Apparent versus true carrier multiplication yields in semiconductor nanocrystals

John A. McGuire, Milan Sykora, Jin Joo, Jeffrey M. Pietryga, Victor I Klimov

Research output: Contribution to journalArticle

181 Citations (Scopus)

Abstract

Generation of multiple electron-hole pairs (excitons) by single photons, known as carrier multiplication (CM), has the potential to appreciably improve the performance of solar photovoltaics. In semiconductor nanocrystals, this effect usually has been detected using a distinct dynamical signature of multiexcitons associated with their fast Auger recombination. Here, we show that uncontrolled photocharging of the nanocrystal core can lead to exaggeration of the Auger decay component and, as a result, significant deviations of the apparent CM efficiencies from their true values. Specifically, we observe that for the same sample, apparent multiexciton yields can differ by a factor of ∼3 depending on whether the nanocrystal solution is static or stirred. We show that this discrepancy is consistent with photoinduced charging of the nanocrystals in static solutions, the effect of which is minimized in the stirred case where the charged nanocrystals are swept from the excitation volume between sequential excitation pulses. Using side-by-side measurements of CM efficiencies and nanocrystal charging, we show that the CM results obtained under static conditions converge to the values measured for stirred solutions after we accurately account for the effects of photocharging. This study helps to clarify the recent controversy over CM in nanocrystals and highlights some of the issues that must be carefully considered in spectroscopic studies of this process.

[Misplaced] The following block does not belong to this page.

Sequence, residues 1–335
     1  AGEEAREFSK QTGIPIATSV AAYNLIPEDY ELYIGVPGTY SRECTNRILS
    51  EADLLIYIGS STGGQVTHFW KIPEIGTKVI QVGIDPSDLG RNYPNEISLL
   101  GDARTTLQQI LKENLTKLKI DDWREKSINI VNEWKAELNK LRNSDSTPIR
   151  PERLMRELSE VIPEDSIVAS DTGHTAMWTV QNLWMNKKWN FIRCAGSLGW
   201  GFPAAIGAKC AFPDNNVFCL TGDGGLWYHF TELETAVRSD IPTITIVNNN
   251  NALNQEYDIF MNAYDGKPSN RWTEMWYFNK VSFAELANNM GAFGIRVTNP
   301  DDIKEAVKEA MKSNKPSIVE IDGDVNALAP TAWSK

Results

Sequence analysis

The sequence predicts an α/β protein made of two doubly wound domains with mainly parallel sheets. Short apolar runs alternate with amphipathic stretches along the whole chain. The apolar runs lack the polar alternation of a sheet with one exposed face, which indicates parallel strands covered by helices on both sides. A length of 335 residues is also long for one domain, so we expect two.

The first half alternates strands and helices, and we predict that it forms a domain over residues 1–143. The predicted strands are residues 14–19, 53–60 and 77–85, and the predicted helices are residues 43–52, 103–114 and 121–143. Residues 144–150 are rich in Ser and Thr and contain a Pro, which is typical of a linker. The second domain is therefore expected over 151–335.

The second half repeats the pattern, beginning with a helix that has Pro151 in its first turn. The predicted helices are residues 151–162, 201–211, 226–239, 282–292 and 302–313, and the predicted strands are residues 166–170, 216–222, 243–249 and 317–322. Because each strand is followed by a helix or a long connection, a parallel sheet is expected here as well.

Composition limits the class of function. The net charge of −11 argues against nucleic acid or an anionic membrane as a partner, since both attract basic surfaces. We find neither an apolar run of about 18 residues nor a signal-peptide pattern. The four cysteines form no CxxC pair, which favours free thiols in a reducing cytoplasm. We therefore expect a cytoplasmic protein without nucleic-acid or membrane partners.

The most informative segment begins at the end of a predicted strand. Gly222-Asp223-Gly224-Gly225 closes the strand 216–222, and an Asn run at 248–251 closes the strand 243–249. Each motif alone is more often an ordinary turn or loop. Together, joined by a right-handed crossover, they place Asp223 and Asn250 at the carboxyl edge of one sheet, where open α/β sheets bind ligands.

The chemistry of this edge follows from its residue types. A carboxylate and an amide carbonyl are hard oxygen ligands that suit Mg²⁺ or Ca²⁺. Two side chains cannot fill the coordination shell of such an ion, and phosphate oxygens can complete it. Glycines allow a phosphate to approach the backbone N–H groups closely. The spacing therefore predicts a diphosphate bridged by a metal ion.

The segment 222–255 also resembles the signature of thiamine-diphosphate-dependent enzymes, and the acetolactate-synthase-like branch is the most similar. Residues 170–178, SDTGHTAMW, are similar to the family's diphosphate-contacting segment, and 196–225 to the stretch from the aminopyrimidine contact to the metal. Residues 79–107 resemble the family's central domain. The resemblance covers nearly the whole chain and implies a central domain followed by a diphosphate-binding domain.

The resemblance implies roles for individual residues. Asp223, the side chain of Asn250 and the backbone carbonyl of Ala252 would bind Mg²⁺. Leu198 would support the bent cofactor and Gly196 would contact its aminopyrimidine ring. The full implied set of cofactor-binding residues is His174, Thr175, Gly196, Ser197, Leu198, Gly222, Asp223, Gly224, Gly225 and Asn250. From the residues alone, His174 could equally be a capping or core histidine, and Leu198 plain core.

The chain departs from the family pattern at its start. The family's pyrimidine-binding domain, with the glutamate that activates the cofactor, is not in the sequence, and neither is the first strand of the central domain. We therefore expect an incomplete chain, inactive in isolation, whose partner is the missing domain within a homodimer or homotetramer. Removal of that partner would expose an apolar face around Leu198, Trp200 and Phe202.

Original languageEnglish
Pages (from-to)2049-2057
Number of pages9
JournalNano Letters
Volume10
Issue number6
DOIs
Publication statusPublished - Jun 9 2010

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Keywords

  • Auger recombination
  • Carrier multiplication
  • Charge separation
  • Charged exciton
  • PbSe nanocrystals
  • Time-resolved photoluminescence

ASJC Scopus subject areas

  • Condensed Matter Physics
  • Bioengineering
  • Chemistry(all)
  • Materials Science(all)
  • Mechanical Engineering

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